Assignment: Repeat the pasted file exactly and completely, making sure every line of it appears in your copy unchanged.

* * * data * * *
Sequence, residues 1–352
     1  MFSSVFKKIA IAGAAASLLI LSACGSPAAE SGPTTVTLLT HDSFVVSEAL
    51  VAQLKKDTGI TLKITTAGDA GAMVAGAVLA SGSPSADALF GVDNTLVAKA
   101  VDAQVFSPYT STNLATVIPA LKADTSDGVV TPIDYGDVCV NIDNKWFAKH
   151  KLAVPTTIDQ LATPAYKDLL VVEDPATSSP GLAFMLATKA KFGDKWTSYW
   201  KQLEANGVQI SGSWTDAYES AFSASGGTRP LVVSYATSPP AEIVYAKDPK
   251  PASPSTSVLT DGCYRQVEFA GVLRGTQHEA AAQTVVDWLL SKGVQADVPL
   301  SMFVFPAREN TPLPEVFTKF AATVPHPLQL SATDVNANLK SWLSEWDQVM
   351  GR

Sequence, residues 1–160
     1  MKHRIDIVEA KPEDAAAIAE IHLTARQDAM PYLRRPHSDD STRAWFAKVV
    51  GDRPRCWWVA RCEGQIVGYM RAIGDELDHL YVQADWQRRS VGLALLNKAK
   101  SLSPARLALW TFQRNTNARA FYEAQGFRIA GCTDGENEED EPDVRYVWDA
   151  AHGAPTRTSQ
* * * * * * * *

Sequence, residues 1–352
     1  MFSSVFKKIA IAGAAASLLI LSACGSPAAE SGPTTVTLLT HDSFVVSEAL
    51  VAQLKKDTGI TLKITTAGDA GAMVAGAVLA SGSPSADALF GVDNTLVAKA
   101  VDAQVFSPYT STNLATVIPA LKADTSDGVV TPIDYGDVCV NIDNKWFAKH
   151  KLAVPTTIDQ LATPAYKDLL VVEDPATSSP GLAFMLATKA KFGDKWTSYW
   201  KQLEANGVQI SGSWTDAYES AFSASGGTRP LVVSYATSPP AEIVYAKDPK
   251  PASPSTSVLT DGCYRQVEFA GVLRGTQHEA AAQTVVDWLL SKGVQADVPL
   301  SMFVFPAREN TPLPEVFTKF AATVPHPLQL SATDVNANLK SWLSEWDQVM
   351  GR

Sequence, residues 1–160
     1  MKHRIDIVEA KPEDAAAIAE IHLTARQDAM PYLRRPHSDD STRAWFAKVV
    51  GDRPRCWWVA RCEGQIVGYM RAIGDELDHL YVQADWQRRS VGLALLNKAK
   101  SLSPARLALW TFQRNTNARA FYEAQGFRIA GCTDGENEED EPDVRYVWDA
   151  AHGAPTRTSQ